The FHWA audit team carefully examined Pilot Program areas to assess compliance in accordance with established criteria (i.e., MOU, Application for Assumption). The time period covered in this first audit report is from the start of the Pilot Program (July 1, 2007) through completion of the first onsite audit (January 31, 2008). This report presents audit findings in three areas:
•Compliant—Audit verified that a process, procedure or other component of the Pilot Program meets a stated commitment in the Application for Assumption and/or MOU.
•Needs Improvement—Audit determined that a process, procedure or other component of the Pilot Program as specified in the Application for Assumption and/or MOU is not fully implemented to achieve the stated commitment or the process or procedure implemented is not functioning at a level necessary to ensure the stated commitment is satisfied. Action is recommended to ensure success.
•Deficient—Audit was unable to verify if a process, procedure or other component of the Pilot Program met the stated commitment in the Application for Assumption and/or MOU. Action is required to improve the process, procedure or other component prior to the next audit; or
Audit determined that a process, procedure or other component of the Pilot Program did not meet the stated commitment in the Application for Assumption and/or MOU. Corrective action is required prior to the next audit.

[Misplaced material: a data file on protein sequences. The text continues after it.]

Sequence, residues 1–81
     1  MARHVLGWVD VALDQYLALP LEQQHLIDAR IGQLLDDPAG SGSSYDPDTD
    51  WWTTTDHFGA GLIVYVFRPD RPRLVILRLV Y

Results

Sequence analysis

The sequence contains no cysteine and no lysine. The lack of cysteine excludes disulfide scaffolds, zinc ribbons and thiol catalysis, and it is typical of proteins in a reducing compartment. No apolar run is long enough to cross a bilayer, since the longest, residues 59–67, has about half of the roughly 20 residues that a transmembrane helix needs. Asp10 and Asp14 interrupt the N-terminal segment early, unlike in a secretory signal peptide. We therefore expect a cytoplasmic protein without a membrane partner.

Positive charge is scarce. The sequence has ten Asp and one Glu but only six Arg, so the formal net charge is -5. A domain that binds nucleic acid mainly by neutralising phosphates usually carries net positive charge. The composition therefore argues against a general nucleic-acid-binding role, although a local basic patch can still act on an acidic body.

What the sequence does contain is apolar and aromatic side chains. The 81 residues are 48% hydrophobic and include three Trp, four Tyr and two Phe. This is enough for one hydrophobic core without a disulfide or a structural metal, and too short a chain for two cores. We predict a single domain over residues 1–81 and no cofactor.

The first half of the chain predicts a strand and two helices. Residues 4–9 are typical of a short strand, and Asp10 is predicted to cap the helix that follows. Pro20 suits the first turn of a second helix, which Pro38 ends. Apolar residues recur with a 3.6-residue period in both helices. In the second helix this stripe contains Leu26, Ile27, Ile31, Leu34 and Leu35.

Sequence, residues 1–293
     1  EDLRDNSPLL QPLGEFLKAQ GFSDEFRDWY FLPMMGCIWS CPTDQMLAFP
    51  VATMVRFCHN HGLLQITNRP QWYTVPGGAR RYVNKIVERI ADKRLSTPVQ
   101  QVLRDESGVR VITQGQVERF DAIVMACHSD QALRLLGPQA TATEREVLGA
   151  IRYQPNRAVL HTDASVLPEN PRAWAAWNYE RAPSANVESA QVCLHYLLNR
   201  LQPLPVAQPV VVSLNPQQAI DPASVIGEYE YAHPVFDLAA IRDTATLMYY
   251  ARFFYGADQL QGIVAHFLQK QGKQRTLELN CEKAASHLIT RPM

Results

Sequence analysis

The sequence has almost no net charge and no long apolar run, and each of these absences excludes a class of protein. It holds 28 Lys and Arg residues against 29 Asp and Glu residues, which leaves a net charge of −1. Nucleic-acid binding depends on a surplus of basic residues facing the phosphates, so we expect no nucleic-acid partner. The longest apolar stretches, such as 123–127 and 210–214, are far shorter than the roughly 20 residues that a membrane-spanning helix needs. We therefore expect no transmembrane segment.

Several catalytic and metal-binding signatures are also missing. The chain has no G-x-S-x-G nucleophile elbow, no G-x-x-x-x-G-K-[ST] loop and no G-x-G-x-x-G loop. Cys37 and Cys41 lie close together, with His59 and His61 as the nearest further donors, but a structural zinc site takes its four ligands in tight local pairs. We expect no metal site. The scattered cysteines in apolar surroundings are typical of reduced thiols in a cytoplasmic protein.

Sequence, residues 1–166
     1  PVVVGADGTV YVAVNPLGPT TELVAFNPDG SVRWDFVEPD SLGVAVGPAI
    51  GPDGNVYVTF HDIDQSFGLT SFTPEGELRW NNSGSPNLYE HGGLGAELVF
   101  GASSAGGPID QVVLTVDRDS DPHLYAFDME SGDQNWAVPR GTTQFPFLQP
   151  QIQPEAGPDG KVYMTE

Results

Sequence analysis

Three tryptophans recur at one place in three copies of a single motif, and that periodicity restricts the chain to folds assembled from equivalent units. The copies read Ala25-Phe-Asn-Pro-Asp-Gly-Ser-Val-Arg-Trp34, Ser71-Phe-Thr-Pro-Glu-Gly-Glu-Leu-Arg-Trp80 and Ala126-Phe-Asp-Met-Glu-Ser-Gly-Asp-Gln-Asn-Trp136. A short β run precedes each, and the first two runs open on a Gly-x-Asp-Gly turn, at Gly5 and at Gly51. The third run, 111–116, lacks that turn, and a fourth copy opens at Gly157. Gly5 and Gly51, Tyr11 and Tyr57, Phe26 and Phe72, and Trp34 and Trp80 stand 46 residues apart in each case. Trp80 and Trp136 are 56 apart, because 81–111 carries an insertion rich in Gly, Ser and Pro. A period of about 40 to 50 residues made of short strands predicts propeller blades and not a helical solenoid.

Summary Findings ↑
(C1)Legal Sufficiency—Caltrans' Legal Division has developed a consistent process to conduct formal legal sufficiency reviews by attorneys (per 23 Code of Federal Regulations §§ 771.125(b) and 771.135 (k)  ) and has provided basic legal sufficiency training to each reviewing attorney, in compliance with MOU section 8.2.5 and Section 773.106(b)(3)(iii) of Caltrans' Application. (Note: An evaluation of the implementation of the legal sufficiency review process could not be performed because no legal sufficiency determinations had been completed under the Pilot Program as of the date of the FHWA audit.)
(C2)Establish Pilot Program Policies and Procedures—Caltrans currently, in general, complies with MOU section 1.1.2 commitments to establish Pilot Program policy and procedural documentation (as detailed in Caltrans' Application).